Date of Award


Document Type

Open Access Thesis

Degree Name

Medical Doctor (MD)

First Advisor

David Silverman, MD


The association between prolonged elevation of blood lipid levels and coronary artery disease is well established. Research focusing on the acute effects of hyperlipidemia is not as abundant, and often looks only at large-sized arteries. The purpose of our study was to measure the acute effects of elevated blood lipid levels on microvascular endothelial function, non-invasively, by means of laser Doppler flowmetry and the administration of vasoactive challenges. With IRB approval, six healthy subjects were recruited for a three-session study in which they were given isocaloric meals with variable fat content (non-fat meal = NM; fatty meal = FM; or fatty meal with atorvastatin = FML). Two hours after ingesting the meal, the subjects microvasculature was examined using laser Doppler flowmetry. Our analysis looked at the ratio of low to high frequency microvascular oscillations (increases if parasympathetically mediated oscillations are inhibited) both at baseline and during a vasoconstrictive challenge; as well as endothelium-independent versus endothelium-dependent vasodilation using topical administration of acetylcholine and nitroglycerin. We found a greater low to high frequency ratio after the FM compared to the NM both at baseline (mean ratio after FM was 222 +/-109% of that after NM, p = 0.016) and during the vasoconstrictive challenge (mean ratio after FM was 321 +/-242% of that after NM, p = 0.05), indicating a relative impairment in parasympathetic oscillations after the FM. Additionally, the mean ratio of endothelium-independent to endothelium-dependent vasodilation after the FM was 177.6 +/-98% of that after the NM, p = 0.036. We concluded that elevated blood lipid levels acutely impair endothelial function.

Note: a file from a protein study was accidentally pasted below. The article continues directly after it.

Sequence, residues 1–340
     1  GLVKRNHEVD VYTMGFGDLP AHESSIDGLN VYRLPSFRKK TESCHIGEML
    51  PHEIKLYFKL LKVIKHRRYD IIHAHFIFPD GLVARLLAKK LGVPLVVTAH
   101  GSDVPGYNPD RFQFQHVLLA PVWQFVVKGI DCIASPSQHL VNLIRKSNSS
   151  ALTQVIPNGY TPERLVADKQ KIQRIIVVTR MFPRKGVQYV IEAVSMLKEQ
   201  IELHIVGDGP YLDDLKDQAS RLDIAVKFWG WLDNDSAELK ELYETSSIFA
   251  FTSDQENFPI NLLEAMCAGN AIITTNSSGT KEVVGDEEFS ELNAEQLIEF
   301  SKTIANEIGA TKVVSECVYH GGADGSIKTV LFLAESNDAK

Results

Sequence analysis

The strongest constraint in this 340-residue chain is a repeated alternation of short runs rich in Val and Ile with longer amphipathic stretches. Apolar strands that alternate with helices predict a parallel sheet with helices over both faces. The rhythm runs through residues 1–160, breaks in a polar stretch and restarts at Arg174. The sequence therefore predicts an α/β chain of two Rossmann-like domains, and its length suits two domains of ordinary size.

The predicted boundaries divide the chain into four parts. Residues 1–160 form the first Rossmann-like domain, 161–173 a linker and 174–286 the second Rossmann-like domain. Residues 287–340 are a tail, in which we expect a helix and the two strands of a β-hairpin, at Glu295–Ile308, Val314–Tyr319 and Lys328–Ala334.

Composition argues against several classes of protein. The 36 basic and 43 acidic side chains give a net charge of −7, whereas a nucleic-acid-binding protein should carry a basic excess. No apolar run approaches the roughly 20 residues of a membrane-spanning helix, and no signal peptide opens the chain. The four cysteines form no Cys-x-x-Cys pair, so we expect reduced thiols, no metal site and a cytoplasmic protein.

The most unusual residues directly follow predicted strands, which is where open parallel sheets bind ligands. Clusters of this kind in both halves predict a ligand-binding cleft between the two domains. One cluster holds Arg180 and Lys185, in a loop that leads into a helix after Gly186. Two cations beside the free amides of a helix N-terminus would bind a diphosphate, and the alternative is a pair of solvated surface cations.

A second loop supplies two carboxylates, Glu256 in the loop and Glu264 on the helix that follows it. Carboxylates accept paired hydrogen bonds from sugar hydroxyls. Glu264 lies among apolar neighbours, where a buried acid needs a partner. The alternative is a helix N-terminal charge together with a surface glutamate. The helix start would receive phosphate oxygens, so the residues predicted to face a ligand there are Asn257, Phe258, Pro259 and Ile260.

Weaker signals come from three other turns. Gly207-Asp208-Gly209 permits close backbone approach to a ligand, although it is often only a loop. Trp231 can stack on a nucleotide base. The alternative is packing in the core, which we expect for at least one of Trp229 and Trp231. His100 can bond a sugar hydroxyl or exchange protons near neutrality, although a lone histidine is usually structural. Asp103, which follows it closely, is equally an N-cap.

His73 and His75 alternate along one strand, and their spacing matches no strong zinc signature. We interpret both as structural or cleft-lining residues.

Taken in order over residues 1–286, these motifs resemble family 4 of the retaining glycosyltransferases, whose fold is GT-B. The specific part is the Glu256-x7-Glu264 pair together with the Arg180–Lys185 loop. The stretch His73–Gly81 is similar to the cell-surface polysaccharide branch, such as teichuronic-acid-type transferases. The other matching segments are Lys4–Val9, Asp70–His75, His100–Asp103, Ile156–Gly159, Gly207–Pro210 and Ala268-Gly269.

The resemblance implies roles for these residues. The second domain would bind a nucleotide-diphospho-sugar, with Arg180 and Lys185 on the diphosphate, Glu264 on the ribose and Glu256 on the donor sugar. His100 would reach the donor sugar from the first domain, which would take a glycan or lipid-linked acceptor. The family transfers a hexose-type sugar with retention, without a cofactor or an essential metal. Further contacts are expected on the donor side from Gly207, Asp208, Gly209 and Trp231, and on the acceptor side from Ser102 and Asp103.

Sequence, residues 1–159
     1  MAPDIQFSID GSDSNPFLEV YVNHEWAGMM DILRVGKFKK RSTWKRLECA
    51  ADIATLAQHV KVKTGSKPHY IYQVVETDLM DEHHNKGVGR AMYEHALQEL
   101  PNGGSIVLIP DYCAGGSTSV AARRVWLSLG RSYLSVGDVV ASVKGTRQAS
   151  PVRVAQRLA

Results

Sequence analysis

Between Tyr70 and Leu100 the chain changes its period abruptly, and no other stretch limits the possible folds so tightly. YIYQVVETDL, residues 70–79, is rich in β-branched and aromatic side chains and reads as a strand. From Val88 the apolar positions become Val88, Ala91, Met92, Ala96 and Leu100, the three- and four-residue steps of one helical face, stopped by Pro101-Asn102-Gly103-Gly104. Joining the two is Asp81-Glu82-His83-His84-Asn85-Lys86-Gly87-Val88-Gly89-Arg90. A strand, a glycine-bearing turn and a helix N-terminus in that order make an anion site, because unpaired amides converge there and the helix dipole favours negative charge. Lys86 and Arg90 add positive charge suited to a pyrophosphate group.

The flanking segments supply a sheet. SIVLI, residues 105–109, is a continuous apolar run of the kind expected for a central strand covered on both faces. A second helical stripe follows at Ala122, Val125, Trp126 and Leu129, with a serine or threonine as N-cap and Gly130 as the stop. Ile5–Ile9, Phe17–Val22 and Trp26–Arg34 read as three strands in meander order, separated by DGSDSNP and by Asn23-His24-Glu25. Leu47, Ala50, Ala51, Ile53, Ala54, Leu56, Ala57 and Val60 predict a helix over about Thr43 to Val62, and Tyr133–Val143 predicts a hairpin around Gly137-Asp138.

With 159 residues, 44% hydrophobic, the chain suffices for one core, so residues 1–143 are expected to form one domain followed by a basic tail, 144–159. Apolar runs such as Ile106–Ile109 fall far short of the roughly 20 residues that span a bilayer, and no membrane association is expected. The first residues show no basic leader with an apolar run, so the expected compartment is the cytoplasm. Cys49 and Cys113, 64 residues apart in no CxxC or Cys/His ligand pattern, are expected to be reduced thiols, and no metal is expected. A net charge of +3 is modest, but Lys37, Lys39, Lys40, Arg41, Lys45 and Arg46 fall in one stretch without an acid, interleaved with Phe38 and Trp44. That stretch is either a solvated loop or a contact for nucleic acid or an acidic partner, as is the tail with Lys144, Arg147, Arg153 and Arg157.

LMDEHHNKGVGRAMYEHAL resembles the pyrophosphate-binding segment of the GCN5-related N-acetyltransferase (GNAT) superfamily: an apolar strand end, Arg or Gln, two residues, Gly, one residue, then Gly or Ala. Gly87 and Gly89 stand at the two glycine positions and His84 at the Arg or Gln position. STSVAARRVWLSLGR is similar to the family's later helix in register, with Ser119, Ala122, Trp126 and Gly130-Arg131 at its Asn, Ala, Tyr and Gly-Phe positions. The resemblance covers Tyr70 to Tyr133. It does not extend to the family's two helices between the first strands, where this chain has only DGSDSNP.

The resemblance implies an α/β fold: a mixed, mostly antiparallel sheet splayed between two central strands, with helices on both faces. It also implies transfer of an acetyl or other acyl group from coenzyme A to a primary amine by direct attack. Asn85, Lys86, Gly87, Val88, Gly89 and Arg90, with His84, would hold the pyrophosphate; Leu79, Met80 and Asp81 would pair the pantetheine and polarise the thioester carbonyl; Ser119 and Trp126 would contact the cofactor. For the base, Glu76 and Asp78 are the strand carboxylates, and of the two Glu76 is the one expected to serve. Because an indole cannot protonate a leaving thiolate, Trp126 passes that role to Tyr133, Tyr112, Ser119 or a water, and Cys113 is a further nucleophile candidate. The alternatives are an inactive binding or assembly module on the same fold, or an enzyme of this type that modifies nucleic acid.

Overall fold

This is an Open Access Thesis.

Open Access

This Article is Open Access